The list is from the new Freakonomics: A Rogue Economist Explores the Hidden Side of Everything [you can pre-order, Amazon lists May 1 but it hits the stores April 12], by Steve Levitt and Steven Dubner.  Imagine the best of Levitt put into readable form by an excellent journalist.  When it comes to the popular exposition of contemporary economic research, this book is a milestone.  Why do drug dealers still live with their moms?  How do we know that sumo wrestlers cheat?  Here is Alex’s previous post on Levitt and names and race.  Here is my previous post on Levitt and teacher cheating. 

The bottom line in one sentence: "People lie, numbers don’t."

Public Finance and Public Policy

Public Finance and Public Policy, the new textbook by Jonathan Gruber, is not only the best public finance textbooks I’ve ever read it is one of the best textbooks I’ve read in any field.  Gruber and Worth Publishers have clearly put a huge amount of money and effort into this book – the content is superb and so is the presentation (graphs, organization, supplementary material – e.g. check out these cool powerpoint presentations.).

Gruber is especially good at discussing empirical research.  What is the effect, for example, of social security on private savings, on the living standards of the elderly, on the incentive to retire?  What do we learn from the international evidence?

(Quick answers: Social security crowds out about 35 cents of private savings for every social security dollar.  As a result, social security has reduced the eldery poverty rate although not quite as much as naive trends would suggest.  Social security does reduce the labor force participation rates of the elderly but less so in the United States than in most European countries where there are huge disincentives for working beyond the normal retirement age.  (Get the book or this powerpoint presentation for more details – note you need to view the PP in SlideShow mode to get the full effect.)

Gruber covers all the major programs – education, social security, unemployment insurance, Medicaid and Medicare, the tax system etc. – and in each case he carefully explains the institutional details and then he evaulates the empirical evidence focusing on the most telling pieces of evidence (rather than trying to cover everything that has ever been written as in a review paper).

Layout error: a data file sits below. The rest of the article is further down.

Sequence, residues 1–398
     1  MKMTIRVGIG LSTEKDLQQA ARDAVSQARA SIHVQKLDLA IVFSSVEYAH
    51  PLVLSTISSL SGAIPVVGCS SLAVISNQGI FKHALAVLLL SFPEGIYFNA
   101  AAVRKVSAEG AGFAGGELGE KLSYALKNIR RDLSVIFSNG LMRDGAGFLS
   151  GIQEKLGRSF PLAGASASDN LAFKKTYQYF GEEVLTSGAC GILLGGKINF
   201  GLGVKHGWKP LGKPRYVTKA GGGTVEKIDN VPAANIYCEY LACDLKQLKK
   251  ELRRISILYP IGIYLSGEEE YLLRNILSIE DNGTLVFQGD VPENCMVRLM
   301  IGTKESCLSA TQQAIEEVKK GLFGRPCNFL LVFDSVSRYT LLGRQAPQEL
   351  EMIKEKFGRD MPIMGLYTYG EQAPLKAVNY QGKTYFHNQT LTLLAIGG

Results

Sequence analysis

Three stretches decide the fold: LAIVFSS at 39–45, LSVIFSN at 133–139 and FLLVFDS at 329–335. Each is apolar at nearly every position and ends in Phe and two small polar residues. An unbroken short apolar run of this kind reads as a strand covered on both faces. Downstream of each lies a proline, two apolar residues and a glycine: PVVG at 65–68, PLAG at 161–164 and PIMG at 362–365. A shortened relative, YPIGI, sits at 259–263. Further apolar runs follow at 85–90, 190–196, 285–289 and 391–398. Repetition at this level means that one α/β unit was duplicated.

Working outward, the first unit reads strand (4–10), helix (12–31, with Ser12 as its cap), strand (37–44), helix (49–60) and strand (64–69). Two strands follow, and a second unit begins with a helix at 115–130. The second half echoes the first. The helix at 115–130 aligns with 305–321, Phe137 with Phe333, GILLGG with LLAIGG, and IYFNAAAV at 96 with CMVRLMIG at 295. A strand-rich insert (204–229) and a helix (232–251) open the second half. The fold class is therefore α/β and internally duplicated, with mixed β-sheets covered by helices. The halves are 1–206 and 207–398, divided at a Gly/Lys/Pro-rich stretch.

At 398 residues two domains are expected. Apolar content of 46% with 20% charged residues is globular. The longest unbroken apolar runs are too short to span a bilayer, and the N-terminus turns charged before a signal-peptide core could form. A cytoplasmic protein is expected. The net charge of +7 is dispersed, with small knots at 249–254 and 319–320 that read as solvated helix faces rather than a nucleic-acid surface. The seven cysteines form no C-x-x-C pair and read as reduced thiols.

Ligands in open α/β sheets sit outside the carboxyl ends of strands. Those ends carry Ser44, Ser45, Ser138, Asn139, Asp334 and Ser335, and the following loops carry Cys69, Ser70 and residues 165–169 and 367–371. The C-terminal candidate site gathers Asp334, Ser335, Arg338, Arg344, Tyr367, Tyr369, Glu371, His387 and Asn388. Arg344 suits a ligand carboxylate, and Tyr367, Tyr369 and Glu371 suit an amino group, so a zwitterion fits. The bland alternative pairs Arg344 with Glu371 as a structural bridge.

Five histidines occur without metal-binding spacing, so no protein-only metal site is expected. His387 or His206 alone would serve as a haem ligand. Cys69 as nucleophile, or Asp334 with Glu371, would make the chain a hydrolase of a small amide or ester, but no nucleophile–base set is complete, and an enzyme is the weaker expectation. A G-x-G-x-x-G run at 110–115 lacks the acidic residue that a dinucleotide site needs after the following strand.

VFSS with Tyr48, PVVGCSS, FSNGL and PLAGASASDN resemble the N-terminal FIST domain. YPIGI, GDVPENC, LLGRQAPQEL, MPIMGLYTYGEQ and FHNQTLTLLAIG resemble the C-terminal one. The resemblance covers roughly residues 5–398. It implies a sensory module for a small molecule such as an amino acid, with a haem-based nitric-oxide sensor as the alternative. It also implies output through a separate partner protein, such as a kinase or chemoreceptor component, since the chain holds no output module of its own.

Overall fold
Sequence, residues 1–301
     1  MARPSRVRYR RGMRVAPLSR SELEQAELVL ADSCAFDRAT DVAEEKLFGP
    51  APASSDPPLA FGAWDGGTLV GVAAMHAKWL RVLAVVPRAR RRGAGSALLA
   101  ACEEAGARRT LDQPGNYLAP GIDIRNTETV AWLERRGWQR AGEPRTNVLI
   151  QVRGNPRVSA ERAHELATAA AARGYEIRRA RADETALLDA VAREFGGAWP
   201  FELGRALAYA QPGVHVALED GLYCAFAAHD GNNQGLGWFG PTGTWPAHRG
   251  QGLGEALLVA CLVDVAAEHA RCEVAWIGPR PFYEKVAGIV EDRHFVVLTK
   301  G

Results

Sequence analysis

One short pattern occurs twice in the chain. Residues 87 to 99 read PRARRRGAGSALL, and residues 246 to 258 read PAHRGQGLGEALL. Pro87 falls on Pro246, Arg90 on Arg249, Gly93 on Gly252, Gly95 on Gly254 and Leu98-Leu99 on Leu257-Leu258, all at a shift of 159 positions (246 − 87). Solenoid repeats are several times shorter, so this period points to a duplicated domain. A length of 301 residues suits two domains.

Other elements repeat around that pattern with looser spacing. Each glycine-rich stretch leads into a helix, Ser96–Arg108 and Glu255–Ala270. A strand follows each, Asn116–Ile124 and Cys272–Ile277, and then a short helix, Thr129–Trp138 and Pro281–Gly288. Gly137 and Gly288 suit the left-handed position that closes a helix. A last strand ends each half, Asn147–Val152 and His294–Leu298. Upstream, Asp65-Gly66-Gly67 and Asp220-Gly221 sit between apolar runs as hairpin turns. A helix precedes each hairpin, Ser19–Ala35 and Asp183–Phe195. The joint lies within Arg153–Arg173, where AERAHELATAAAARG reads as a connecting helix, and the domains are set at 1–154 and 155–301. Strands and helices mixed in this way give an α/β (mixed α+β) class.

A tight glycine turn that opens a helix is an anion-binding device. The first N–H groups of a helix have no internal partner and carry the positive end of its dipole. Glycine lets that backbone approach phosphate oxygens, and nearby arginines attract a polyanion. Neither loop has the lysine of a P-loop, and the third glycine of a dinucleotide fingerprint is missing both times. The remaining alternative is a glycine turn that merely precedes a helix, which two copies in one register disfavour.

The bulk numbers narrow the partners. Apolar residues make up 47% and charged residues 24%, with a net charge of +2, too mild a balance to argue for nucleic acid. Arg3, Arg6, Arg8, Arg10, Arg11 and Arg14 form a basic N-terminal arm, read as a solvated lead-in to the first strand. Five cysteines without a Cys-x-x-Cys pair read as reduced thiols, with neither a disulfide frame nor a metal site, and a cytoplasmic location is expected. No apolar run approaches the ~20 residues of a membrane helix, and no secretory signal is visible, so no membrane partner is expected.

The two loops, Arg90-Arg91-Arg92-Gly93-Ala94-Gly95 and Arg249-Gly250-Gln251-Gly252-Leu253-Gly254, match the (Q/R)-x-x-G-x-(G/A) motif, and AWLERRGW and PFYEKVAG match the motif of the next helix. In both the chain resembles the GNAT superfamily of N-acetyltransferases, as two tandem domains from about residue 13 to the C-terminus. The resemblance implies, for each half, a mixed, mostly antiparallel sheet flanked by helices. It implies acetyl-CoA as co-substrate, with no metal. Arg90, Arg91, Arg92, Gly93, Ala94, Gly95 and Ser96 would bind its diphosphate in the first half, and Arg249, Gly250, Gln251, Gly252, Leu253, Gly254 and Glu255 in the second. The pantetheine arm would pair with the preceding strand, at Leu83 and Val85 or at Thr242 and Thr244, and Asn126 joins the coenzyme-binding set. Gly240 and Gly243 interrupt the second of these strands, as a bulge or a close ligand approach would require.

Gruber is so good on the empirical research that this book would be a useful supplement to an applied econometrics class.  Just flipping through it and reading the boxed Empirical Evidence sections gives a good feel for what the cutting edge questions and techniques are in empirical research. 

Congratulations to Gruber on a tour de force!

Camille Paglia on poetry

In my new book, Break, Blow, Burn, I offer
line-by-line close readings of 43 poems, from canonical Renaissance
verse to Joni Mitchell’s Woodstock, which became an anthem for my
conflicted generation. In gathering material, I was shocked at how weak
individual poems have become over the past 40 years. Our most honoured
poets are gifted and prolific, but we have come to respect them for
their intelligence, commitment and the body of their work. They ceased
focusing long ago on production of the powerful, distinctive,
self-contained poem. They have lost ambition and no longer believe they
can or should speak for their era. Elevating process over form, they
treat their poems like meandering diary entries and craft them for
effect in live readings rather than on the page. Arresting themes or
images are proposed, then dropped or left to dribble away. Or, in a
sign of lack of confidence in the reader or material, suggestive points
are prosaically rephrased and hammered into obviousness. Rote formulas
are rampant – a lugubrious victimology of accident, disease, and
depression or a simplistic, ranting politics (people good, government
bad) that looks naive next to the incisive writing about politics on
today’s op-ed pages. To be included in this book, a poem had to be
strong enough, as an artefact, to stand up to all the great poems that
precede it. One of my aims is to challenge contemporary poets to
reassess their assumptions and modus operandi.

the 1990s, poetry as performance art revived among young people in